Lively gets kudos for pricing transparency. Some HSA providers make it hard to find interest rates and other account details on their websites, forcing people to call or email for information. Lively’s website is simple, easy to follow and provides relevant details in plain view.

Best HSA offered by a traditional bank: Bank of America

Many people like the convenience of managing all their finances with one bank. Bank of America, the second-largest bank in the U.S., with 4,300 branches and about 17,000 ATMs, combines broad physical access with a full suite of digital and online tools. It’s a good choice for people who prefer having a nearby bank branch as opposed to doing everything online.

You can submit claims and monitor the HSA through BofA’s member website or via the MyHealth BofA mobile hsa bank near me. The HSA comes with a Visa debit card with no transaction fees, a savings calculator, and customers have 24/7 support by phone or online chat. The bank also provides guidance and education in matching financial strategies with health and wellness goals. Savers can earn up to 0.07 percent APY, depending on their balances, and investors have dozens of Merrill Lynch (a subsidiary of BofA) mutual funds to choose from. There is a $1,000 balance minimum to invest and a standard monthly account fee of $2.50 a month (which may be waived if the HSA is through your employer). BofA does not charge transaction fees to buy or sell investments, but there are internal expenses with mutual funds. BofA is also an HSA custodian for small and large businesses.

How to choose the best HSA

There are advantages to opening an HSA through your employer, if it’s available. With an employer-provided HSA, you can reduce Social Security taxes, and your company might contribute to your account. “In some cases, employer plans can get a better price point, but maybe you can’t get it for free on your own,” says Eric Remjeske, founder and president of Devenir, a Minneapolis-based HSA investment advisor and research firm. HSA shoppers might find Devenir’s HSASearch tool to be helpful.

If you decide to shop for an HSA, here’s what to consider.

  • Decide how you will use the account. Knowing how you intend to use an HSA — whether for immediate and near-term medical expenses, or as an investment account for future health care costs — will help you narrow your options.
  • Watch out for fees. Always ask for a complete schedule of fees before you make a decision, as HSA fees vary greatly among providers. There may be maintenance fees, investment fees, paper statement fees and per-transaction charges. Some HSAs charge a fee to open the account, obtain, replace or renew a debit card or transfer money from a savings account to an investment account. HSAs may also have overdraft fees or nonsufficient funds fees.
  • Inquire about minimum balances. Some HSA administrators waive fees if an account meets a balance threshold. Ask whether the fee waiver is based on a minimum savings balance or a combined savings and investment balance. Ask whether there is a minimum balance requirement to invest the HSA. Minimum balance requirements to invest usually range between $500 and $3,000.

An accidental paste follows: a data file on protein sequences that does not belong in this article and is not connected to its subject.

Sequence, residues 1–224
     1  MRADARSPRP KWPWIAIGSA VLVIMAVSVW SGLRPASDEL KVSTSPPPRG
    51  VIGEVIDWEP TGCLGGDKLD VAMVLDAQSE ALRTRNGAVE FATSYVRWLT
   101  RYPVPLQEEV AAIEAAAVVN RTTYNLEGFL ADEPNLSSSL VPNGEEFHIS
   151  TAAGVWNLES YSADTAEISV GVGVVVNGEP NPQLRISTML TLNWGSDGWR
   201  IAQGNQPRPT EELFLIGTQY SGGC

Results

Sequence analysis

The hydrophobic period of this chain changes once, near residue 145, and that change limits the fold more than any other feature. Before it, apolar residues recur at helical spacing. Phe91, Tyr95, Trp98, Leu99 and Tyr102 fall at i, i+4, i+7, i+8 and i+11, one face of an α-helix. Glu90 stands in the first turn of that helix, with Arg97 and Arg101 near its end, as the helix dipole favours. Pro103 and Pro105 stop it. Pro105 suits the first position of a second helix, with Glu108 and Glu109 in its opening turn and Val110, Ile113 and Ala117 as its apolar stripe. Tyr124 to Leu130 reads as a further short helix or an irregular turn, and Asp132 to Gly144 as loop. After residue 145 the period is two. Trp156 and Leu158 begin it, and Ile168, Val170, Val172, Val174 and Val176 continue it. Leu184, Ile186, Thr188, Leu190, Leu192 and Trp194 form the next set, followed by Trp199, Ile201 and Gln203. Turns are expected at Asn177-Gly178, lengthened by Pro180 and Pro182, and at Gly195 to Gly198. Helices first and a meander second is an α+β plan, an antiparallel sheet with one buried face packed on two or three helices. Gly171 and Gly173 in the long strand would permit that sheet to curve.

• Compare interest rates. Much like a traditional savings account, HSAs offer an opportunity to earn interest. However, in the current rate environment, interest rates are less important than fees, which can easily eat up interest earnings. But for savers who plan to maintain an HSA as a spending account, rates are something to look at.
  • Make sure HSA funds are easily accessible. When health care bills arise, you need to be able to get to your HSA funds to pay them. Find out whether the HSA comes with a debit card, online bill pay or checks. Find out how easy or difficult it is to transfer funds out of the account to your personal checking, for example.
  • Make sure investment options are diverse and strong. Some HSAs offer the chance to invest and grow the funds. HSA custodians offer a mix of mutual funds, stocks, bonds and other investment products. Look for investment options that charge low fees and don’t have balance thresholds to meet before you can invest. Look for varied investment options with a good performance. Keep in mind that stocks, bonds and other investments are not federally insured.
  • Savers, choose a federally insured institution. If you plan to keep your HSA in a spending account, make sure the bank or credit union you select is insured by the Federal Deposit Insurance Corp. or the National Credit Union Share Insurance Fund. If your financial institution were to fail, you would be covered for up to $250,000.
  • Evaluate the customer service. Make sure the bank, credit union or HSA custodian answers all your questions and tells you everything you need to know to make informed choices. Find out about customer service hours and tools that can help you track and manage your account, such as mobile apps. Some financial institutions are better at offering educational videos and articles online. If you prefer an in-person experience, inquire about branch locations and hours.

Methodology: Bankrate looked at account fees, cost and variety of investment choices, minimum balance requirements, account accessibility and interest rates for more than a dozen of the largest HSA providers, giving the most weight to fees and investment opportunities.      

Learn more:

Источник: https://www.bankrate.com/banking/savings/best-health-savings-accounts/